By Tony Perkins
As an Iraq war veteran, Congressman Doug Collins (R-Ga.) knows better than anyone how comforting faith can be on the battlefield. So when an Army leader goes out of his way to punish a chaplain for doing his job, Rep. Collins is understandably upset.
Like FRC, he couldn’t believe what happened in his District’s own backyard at Fort Benning. To the surprise of Chaplain Joe Lawhorn, he was summoned to his commander’s office on Thanksgiving Day, where Col. David Fivecoat reprimanded him over a suicide prevention training Lawhorn had led in which he dared to include faith as a resource for depression.
Although religion was only part of a broader message on combatting suicide, the Chaplain was issued a Letter of Concern for acting in accordance with the Defense Department’s own guidance, which says that “unless it could have an adverse impact on military readiness, unit cohesion, and good order and discipline, the Military Departments will accommodate individual expressions of sincerely held beliefs.”
This week, Rep. Collins, who also serves as a chaplain in the Air Force reserve, expressed his own frustration with the Army’s intolerance in a letter to Brigadier General John King. “My own service as a military chaplain taught me the importance of offering honest counsel and serving as a resource to those in need. I believe that military chaplains continue to play an important role as religious and spiritual leaders to our men and women in uniform and their families… Chaplain Lawhorn demonstrated this commitment when he shared, during the course of suicide prevention training, his own struggle with depression and how his faith helped guide him through a difficult time.” Collins goes on to ask that the complaint be withdrawn from the Chaplain’s file, a goal the Liberty Institute will pursue in court if Army leadership refuses.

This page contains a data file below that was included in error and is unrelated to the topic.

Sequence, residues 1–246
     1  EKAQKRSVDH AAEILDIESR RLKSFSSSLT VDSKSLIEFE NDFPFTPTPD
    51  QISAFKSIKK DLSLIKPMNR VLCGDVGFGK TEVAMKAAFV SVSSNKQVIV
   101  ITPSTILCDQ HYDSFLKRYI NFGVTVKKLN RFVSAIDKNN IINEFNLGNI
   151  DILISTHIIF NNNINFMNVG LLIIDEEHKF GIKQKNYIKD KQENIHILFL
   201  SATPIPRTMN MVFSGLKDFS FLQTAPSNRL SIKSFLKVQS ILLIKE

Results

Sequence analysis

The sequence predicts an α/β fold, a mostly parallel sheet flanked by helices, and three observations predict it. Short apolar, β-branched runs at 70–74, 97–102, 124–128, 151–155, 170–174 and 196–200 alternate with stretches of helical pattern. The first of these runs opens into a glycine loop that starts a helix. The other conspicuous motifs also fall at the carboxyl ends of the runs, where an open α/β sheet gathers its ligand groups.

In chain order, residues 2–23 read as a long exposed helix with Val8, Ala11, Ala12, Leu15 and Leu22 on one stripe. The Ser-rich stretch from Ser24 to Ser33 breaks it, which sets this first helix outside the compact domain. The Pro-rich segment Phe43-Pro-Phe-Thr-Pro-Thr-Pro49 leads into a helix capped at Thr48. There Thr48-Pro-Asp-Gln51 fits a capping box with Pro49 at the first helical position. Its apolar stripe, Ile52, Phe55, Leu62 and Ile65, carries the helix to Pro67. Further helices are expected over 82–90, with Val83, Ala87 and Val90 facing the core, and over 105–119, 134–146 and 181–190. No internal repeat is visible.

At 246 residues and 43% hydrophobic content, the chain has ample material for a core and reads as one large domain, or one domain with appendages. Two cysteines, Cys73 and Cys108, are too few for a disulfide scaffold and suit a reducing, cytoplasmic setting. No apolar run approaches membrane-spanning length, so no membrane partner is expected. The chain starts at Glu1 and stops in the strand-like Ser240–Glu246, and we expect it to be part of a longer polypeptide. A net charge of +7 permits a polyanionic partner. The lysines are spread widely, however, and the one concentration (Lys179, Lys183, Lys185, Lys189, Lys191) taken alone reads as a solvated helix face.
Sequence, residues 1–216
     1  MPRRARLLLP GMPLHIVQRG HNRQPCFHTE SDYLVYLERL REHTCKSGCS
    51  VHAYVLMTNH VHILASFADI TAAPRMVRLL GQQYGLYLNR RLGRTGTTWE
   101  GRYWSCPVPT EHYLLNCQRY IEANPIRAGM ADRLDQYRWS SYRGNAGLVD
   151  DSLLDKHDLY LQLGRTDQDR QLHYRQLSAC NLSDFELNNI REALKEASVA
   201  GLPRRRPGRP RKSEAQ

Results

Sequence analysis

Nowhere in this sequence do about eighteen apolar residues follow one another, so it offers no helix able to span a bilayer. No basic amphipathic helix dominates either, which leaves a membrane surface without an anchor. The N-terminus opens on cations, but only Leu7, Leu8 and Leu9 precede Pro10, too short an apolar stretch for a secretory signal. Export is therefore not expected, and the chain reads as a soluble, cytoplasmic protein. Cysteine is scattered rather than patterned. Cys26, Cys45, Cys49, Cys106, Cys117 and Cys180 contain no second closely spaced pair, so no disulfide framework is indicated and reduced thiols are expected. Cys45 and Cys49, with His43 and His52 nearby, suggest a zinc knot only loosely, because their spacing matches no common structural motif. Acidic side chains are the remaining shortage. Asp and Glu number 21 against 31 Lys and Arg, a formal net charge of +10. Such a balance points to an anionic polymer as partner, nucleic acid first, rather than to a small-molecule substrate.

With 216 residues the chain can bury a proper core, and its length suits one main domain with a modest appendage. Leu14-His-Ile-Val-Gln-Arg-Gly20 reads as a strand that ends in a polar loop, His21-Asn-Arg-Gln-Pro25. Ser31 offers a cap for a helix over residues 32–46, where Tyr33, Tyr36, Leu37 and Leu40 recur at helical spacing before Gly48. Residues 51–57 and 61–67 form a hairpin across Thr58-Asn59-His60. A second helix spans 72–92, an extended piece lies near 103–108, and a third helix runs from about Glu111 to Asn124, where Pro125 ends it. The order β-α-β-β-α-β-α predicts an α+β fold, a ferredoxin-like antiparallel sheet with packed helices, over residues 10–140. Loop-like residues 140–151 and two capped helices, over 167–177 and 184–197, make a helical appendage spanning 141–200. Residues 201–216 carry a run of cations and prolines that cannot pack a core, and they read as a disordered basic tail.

Meanwhile, FRC and members of the Military Religious Freedom Coalition sent a letter of our own to the Secretary of the Army, John McHugh, who, ironically, had clarified the rules on religious expression in the branch as recently as last fall. “The Army has a significant problem with depression and suicide. It seems logical that all potential solutions for resolving this devastating problem should be explored, including the spiritual dimensions of the issue.” Col. Fivecoat’s actions, if not corrected by the rescission of the Letter of Concern, will most likely deprive men and women dealing with depression and the stress of military life, the help they need. For more on the controversy, don’t miss Rep. Doug Collins’s interview on “Washington Watch” yesterday.
Tony Perkins is president of the Washington, D.C.-based Family Research Council. He is a former member of the Louisiana legislature where he served for eight years, and he is recognized as a legislative pioneer for authoring measures like the nation’s first Covenant Marriage law.
(Via FRC’s Washington Update. Tony Perkins’ Washington Update is written with the aid of FRC senior writers.)
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